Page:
15 July 2015

Ukrainian Humor is Odd

Have you heard the one about how the Ukraine Prime Minister wants to reduce corruption in the country by privitizing state assets?

I'm not quite sure what the punch line is, but it's clearly a joke: There has never been a privitization deal that has lessened corruption:
Ukraine's Prime Minister is calling on Canadian investors to take part in a massive privatization of state assets organized by Kiev as a way of weakening the power of wealthy oligarchs blamed for spreading corruption in his country.

Arseniy Yatsenyuk cited, for instance, Ukrainian businessmen who have been "sitting like vampires" on the country's publicly owned energy sector.

Mr. Yatsenyuk spoke to The Globe and Mail Tuesday after he joined Prime Minister Stephen Harper in Chelsea, Que., to announce that Ukraine and Canada had struck a free-trade deal.

Ukraine is preparing to spin off billions of dollars of government enterprises – including power generation and distribution assets and chemical plants – and the government wants Western investors to bring more orderly business methods to the Eastern European country.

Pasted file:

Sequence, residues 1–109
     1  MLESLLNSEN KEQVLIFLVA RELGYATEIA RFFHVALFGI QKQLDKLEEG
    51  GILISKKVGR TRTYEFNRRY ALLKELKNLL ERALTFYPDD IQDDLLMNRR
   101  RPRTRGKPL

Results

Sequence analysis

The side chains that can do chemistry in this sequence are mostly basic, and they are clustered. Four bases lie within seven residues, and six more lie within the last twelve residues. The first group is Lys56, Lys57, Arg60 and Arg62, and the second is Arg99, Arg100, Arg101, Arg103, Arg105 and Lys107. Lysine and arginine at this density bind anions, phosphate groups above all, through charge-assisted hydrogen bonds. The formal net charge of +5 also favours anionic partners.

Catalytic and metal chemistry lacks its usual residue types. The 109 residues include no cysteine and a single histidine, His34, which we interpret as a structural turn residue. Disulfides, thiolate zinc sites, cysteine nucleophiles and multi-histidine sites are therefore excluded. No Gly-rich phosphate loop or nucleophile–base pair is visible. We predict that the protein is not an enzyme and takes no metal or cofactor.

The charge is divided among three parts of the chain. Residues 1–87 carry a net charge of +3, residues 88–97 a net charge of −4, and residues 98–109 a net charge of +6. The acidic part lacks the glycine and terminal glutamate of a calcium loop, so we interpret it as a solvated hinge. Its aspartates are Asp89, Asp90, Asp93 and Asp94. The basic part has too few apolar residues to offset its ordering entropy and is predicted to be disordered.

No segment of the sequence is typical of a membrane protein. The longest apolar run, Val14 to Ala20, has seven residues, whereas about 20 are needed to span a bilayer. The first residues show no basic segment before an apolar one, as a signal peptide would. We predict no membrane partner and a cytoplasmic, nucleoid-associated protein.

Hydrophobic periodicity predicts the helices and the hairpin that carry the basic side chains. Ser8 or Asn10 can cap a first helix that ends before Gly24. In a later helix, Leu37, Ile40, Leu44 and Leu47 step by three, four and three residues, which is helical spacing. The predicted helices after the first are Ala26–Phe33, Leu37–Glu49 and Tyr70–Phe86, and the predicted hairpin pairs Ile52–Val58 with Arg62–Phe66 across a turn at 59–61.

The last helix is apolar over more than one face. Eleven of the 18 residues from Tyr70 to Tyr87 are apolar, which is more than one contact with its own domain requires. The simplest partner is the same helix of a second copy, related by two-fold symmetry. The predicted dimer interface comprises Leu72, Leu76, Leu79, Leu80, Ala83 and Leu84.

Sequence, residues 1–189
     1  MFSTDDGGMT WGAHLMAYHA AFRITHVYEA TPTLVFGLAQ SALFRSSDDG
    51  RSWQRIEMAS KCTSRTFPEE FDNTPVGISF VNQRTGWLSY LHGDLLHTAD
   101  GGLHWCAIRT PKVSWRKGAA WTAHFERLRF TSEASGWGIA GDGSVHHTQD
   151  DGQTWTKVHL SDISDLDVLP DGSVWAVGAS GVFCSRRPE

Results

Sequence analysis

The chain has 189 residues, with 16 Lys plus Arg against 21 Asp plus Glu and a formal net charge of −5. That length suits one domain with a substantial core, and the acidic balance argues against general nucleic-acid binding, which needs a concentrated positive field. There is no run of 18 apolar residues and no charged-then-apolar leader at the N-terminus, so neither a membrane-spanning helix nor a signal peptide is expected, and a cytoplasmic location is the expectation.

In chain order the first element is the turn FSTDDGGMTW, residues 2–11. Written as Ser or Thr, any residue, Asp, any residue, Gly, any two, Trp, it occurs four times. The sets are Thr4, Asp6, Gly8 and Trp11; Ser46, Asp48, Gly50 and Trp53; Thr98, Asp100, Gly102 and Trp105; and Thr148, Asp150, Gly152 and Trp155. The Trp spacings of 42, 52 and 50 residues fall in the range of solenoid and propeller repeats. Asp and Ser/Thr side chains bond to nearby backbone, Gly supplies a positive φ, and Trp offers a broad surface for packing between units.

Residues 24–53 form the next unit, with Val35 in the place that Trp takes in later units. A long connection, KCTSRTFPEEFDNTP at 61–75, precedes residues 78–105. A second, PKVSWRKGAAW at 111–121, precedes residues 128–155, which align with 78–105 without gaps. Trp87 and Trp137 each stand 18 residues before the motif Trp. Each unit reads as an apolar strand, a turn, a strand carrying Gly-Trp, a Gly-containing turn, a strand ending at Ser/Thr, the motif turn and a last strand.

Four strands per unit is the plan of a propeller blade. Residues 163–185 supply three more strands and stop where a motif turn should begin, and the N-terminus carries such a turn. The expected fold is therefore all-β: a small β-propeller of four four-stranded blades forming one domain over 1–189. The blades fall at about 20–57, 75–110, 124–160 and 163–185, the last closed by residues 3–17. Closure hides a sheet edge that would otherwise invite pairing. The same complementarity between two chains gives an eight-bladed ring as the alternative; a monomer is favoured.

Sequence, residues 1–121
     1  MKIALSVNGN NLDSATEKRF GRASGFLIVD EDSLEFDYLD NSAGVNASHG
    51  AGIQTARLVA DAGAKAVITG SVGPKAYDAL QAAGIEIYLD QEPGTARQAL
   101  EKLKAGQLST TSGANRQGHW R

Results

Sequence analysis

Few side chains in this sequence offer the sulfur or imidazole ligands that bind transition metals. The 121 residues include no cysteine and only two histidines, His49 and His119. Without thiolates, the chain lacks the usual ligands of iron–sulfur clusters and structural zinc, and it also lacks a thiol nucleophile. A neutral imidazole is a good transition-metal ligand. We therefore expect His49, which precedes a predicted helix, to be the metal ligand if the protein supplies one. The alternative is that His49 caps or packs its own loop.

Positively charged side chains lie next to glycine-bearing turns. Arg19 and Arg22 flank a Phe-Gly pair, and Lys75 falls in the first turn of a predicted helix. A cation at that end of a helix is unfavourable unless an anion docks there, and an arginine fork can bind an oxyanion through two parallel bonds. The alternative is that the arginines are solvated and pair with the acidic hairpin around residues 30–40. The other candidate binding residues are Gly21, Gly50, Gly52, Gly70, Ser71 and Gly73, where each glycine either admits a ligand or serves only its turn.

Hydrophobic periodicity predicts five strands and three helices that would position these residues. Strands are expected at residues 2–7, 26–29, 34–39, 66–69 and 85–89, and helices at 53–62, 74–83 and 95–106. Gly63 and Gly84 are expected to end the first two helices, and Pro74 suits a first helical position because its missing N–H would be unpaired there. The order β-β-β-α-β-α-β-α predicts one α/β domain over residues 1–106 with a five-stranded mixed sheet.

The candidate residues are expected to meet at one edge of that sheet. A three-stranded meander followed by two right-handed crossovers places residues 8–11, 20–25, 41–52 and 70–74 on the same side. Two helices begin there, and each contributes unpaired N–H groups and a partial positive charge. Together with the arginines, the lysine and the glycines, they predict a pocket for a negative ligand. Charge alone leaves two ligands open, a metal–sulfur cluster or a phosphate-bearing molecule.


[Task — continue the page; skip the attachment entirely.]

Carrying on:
"I don't want Ukrainian tycoons to buy these state-owned enterprises," Mr. Yatsenyuk said. "We would be happy to see Canadian folks buying Ukrainian assets and bringing into Ukraine good corporate governance, new investment and new jobs.

"That is what I asked the Canadian Prime Minister: 'Please tell your investors and your businesses to jump into Ukraine.'"

Mr. Yatsenyuk said Ukraine's leadership feels privatization and deregulation are the answers to the corruption that has plagued the country for decades.

"Big government always leads to big bribes and big corruption, so the less regulations you have the less authority the government has and the less chances to take bribes," Mr. Yatsenyuk said.
OK, this isn't a joke.  It's a lie.

It's a lie that is driven by a need to placate his masters in the west who want to buy state assets at pennies on the dollar.

It's what Naomi Klein has called The Shock Doctrine, where, "Leaders exploit crises to push through controversial exploitative policies while citizens are too emotionally and physically distracted by disasters or upheavals to mount an effective resistance."

To call this an anti-corruption measure is like calling a case of the Clap aid to picking up women.


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